From my understanding, there are two categories of synesthesia (perhaps more): projected and associated. Someone with projected synesthesia (let’s say sound-to-colour) actually sees the colours in their field of vision. Someone with associated synesthesia sees the colours in their “mind’s eye”. Both types are equally valid; associated in many different types of synesthesia.

One study I read suggested that 1 in 2,000 people are synesthetes, but another (LiveScience) found it was 1 in 23. Obviously more research is needed to figure out what the real prevalence is, but I would imagine it’s closer to the 1 in 23 statistic, especially considering I’ve met (and become friends) w/ four random people who experience it on a regular basis in the last year alone. The difference between men and women is prevalent as well. Studies show that three times as many women as men have experience synesthesia, but this might be because women are more likely to acknowledge having it, more so than men. Though studies have often shown it’s more prevalent in women. Synesthesia is also associated with other traits and conditions such as autism spectrum disorders (ASD), OCD, left-handedness and being artistic.

Do any of you experience the phenomenon known as synesthesia? Or do you have friends who do? I’d love to hear your feedback on the subject.

For more information on this topic, I direct you to these pages:

What do you collect? (Zippo Lighters)

One of the few things I still collect are Zippo lighters.

At first this was mostly just a hobby, which quickly turned into a full-blown love affair. I love the sound they make when you open them, keeping them well maintained, and of course, the smell they give off after being lit. Such a wonderful aroma. I’ve also learned quite a few cool tricks over the years, like opening it w/ one hand (the squeeze), rolling it through the fingers (Zippo Tango) and sparking the light with the snap of your fingers…but those are all pretty basic. (Yeah… I’m a total douchebag for mentioning that).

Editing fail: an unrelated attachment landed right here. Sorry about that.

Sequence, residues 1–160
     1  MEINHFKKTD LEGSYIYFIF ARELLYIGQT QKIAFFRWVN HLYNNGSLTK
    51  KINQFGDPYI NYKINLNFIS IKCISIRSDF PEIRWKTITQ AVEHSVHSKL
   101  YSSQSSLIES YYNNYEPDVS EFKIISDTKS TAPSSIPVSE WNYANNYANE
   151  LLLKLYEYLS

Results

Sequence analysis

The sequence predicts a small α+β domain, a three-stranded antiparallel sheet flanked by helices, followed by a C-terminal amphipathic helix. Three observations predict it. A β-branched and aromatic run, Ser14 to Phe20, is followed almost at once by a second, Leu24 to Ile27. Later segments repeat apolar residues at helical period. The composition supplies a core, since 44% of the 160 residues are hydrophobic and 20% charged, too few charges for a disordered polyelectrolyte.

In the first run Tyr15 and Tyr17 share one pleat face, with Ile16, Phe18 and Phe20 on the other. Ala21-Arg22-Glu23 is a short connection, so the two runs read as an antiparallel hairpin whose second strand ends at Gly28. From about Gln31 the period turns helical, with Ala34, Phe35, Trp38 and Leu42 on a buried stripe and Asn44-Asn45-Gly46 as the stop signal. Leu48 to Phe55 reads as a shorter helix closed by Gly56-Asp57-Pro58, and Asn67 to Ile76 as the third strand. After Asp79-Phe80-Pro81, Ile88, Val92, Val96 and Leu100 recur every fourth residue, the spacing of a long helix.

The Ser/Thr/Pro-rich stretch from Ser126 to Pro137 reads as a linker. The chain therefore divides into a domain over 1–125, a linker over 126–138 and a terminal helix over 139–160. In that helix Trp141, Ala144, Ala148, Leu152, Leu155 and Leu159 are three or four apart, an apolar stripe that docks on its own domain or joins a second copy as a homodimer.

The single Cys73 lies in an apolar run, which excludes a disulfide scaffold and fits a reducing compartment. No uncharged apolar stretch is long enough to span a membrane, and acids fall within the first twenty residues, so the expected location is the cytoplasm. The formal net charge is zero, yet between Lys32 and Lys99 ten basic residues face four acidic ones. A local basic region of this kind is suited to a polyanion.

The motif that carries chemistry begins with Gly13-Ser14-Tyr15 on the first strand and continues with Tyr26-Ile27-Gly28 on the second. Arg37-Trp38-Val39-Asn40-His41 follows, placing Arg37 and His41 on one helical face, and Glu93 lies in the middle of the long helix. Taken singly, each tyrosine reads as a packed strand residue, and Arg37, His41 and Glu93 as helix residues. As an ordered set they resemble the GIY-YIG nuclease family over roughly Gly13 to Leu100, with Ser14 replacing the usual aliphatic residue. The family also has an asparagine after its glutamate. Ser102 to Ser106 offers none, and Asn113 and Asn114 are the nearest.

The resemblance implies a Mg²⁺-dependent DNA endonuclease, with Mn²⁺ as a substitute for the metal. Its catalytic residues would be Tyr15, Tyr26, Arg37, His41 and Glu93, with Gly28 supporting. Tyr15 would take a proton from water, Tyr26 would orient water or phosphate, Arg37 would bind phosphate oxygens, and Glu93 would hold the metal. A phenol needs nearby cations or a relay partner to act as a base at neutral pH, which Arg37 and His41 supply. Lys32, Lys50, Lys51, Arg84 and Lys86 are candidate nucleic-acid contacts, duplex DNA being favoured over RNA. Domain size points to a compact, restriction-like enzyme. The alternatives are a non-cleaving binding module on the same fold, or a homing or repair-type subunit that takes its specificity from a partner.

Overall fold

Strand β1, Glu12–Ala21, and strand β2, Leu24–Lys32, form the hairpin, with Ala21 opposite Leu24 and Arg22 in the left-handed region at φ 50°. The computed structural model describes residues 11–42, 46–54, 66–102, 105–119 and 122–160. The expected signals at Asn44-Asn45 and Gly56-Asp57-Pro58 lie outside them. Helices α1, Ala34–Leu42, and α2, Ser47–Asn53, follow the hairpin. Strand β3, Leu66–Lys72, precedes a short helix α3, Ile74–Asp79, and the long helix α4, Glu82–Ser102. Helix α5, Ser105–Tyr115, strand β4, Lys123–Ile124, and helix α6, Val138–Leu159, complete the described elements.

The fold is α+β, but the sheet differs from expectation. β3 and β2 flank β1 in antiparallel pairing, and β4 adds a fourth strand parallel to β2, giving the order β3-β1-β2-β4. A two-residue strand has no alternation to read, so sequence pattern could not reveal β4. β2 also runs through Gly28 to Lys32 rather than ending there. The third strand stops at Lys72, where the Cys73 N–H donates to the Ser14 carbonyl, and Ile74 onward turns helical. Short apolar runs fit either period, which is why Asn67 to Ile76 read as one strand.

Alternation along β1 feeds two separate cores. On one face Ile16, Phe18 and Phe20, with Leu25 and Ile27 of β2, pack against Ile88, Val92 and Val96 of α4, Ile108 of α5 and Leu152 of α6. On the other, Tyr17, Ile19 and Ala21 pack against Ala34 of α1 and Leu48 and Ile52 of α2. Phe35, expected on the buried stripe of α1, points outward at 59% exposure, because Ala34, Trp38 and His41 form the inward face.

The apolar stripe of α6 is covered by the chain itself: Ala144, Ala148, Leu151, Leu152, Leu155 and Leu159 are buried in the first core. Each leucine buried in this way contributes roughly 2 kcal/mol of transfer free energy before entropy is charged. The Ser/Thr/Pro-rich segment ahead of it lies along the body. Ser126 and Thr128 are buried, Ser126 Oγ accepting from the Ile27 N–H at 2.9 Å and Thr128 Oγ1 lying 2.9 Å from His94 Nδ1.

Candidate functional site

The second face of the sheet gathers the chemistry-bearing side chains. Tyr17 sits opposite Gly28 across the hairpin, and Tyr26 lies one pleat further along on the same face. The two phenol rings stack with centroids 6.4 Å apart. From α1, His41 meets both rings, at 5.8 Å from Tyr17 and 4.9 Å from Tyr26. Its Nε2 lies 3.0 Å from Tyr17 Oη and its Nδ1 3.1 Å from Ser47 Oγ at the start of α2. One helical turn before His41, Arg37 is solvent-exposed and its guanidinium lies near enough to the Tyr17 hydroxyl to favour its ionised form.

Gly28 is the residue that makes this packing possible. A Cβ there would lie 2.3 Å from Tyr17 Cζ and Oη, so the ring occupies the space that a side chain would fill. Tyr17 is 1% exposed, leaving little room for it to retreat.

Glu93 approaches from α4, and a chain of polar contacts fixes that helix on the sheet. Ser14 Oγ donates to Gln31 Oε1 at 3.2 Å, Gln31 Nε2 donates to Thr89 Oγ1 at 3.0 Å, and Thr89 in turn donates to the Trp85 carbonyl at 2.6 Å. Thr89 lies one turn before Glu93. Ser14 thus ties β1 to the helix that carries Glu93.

Over the years, my collection has grown to about 40+ lighters. While that might not be a lot to some, at $20-$30 (up to even $50) a pop, one has to set a budget. I’ve sold at least 10 lighters in the last two years, and I was able to get more for some of them than I originally paid. Not all lighters skyrocket in value though, which is why you should have a good understanding of everything engraved on the bottom: year, style, model, serial code, etc.

Fun fact: People often think the lighters are manufactured by prisoners, and that the letters on the bottom stamp indicate their crime—”R” for rape, “M” for murder, etc.—when, in fact, all they do is help identify the year and size of that particular Zippo.

Unfortunately, I don’t have any pictures at the present time (my collection is at my mom’s place), but I will try to get a photo (or two) at some point during the holidays. Cheers, friends!


Luka Magnotta to stand trial on first-degree murder

A Court of Quebec Judge ruled there is sufficient evidence for Magnotta to face first-degree murder charges in the slaying and dismemberment of Chinese exchange student Jun Lin.